Finally, for an object of initial volume Vo the new volume Vf is:

Vf = Vo + 3α Vo ΔT

Examples of thermal expansion

hot air in a balloon

When the air inside a balloon is heated, it inflates, since the gas inside expands due to the increase in temperature. It is easily checked by covering a glass bottle with a deflated balloon, which is submerged in hot water. Soon the balloon is seen to begin to inflate.

Expansion joints on sidewalks and roads

In the construction of sidewalks and transit roads, a margin is left for expansion joints, consisting of a separation between the slabs so that, when the temperature rises, they do not crack.

On concrete highways and bridges, spaces are left that are filled with flexible material or with expansion joints in the form of teeth that engage with each other, leaving spaces. This leaves a margin for the concrete to expand and contract with changes in temperature.

glass fractures

Glass cracks under sudden changes in temperature. If a cold glass beaker is filled with very hot water, the material heats unevenly, causing it to expand in places, causing internal stresses that lead to fractures.

Contrary to popular belief, thick glass cracks more easily than thin glass. This is because the thinner the material, the faster and more evenly the heat is distributed, so there is no time for internal stresses to appear.

Freezing of the water

Water is an example of negative thermal expansion, that is, it expands when it cools, a phenomenon that occurs between 0 and 4 ºC. As is known, freezing a fully filled water bottle will cause it to crack.

However, this quality of water makes it possible for the bottom of rivers and lakes not to freeze completely during winter, thus making aquatic life possible even at low temperatures.

power lines

The power lines are not placed in a straight line between two poles, but leaving some margin so that they hang down a bit, forming a curve. It is because, when the weather gets very cold, the wiring tends to shrink.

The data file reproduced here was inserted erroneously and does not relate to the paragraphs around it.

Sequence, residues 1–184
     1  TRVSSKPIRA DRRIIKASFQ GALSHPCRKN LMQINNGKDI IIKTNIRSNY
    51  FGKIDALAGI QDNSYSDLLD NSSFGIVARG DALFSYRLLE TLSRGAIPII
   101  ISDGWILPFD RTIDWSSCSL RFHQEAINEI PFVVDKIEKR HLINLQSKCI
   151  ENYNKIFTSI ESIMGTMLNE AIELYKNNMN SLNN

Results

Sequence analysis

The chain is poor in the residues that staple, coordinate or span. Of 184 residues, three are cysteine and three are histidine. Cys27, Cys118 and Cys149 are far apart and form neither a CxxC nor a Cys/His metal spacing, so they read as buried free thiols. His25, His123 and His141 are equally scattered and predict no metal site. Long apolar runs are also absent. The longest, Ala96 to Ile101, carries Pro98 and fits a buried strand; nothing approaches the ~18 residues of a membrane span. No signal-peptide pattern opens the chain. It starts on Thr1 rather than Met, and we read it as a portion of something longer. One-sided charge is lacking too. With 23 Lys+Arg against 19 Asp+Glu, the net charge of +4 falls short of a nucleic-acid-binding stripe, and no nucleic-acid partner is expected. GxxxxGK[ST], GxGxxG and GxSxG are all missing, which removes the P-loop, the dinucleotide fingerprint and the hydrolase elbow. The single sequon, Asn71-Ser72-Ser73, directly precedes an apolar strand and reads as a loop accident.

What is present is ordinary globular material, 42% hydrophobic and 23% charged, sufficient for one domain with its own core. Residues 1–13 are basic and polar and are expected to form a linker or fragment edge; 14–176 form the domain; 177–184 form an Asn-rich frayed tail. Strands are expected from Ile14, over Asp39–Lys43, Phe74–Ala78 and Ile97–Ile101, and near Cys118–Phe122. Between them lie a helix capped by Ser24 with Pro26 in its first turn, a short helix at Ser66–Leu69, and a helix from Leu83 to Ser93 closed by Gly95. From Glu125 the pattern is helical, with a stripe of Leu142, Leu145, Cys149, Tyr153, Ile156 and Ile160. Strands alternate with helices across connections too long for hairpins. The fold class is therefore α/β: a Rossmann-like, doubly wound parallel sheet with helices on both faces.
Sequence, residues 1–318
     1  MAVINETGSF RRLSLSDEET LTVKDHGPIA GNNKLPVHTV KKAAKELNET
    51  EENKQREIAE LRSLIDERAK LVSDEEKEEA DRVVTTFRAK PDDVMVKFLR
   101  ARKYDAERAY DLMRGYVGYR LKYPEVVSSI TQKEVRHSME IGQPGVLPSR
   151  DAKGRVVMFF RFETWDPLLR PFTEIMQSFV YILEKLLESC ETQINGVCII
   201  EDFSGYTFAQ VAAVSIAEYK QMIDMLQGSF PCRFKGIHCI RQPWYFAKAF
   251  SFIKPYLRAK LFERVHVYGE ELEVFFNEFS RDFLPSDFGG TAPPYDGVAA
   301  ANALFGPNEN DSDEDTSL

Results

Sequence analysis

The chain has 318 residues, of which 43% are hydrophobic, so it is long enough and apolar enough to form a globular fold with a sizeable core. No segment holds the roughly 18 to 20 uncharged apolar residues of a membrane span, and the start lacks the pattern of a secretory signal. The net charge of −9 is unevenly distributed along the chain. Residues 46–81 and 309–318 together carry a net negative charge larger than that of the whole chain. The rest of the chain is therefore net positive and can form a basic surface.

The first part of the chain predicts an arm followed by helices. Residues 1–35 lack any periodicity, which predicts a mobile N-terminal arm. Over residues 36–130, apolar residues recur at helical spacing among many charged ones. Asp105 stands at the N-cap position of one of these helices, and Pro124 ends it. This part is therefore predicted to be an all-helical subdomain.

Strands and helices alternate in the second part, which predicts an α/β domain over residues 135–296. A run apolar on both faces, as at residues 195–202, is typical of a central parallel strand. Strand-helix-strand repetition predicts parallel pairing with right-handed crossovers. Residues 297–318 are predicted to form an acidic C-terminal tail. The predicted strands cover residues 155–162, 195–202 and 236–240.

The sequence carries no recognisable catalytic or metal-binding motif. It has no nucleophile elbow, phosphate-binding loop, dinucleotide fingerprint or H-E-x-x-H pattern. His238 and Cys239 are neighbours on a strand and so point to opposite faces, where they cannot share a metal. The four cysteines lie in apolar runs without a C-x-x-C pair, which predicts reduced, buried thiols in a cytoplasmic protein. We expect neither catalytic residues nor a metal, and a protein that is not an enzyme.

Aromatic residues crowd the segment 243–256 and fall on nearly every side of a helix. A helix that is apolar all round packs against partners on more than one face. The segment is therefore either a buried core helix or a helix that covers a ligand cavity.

On the other hand, when the weather is very hot, it is common to see that the power lines relax and hang down a lot.

aircraft rivets

In airplanes, rivets made of aluminum are used to join the pieces, and they are always made larger than the corresponding hole. Then, before putting them in place, they must be contracted, cooling them with dry ice.

There are many reasons why one time weld rivets are preferred for aircraft. For example, the type of aluminum used in the manufacture of airplanes is difficult to weld and even if it is achieved, the welding ends up weakening the material. On the other hand, rivets are easier to inspect and repair than welds.

solved exercise

A thin rod made of bronze is 0.5 m long at 20.0°C. Calculate the length of the rod when it is heated up to 50.0 ºC, knowing that the coefficient of linear expansion of bronze at 20 ºC is: 19 × 10-6 ºC-1 .


Since the bar is thin, apply the equation for linear expansion:

If = Lo (1 + αΔT)

Simply substitute the values ​​that appear in the statement:

ΔT = (50.0 −20.0) ºC = 30.0 ºC

Lf = 0.5 (1 + 19 × 10-6 × 30) m = 0.500285 m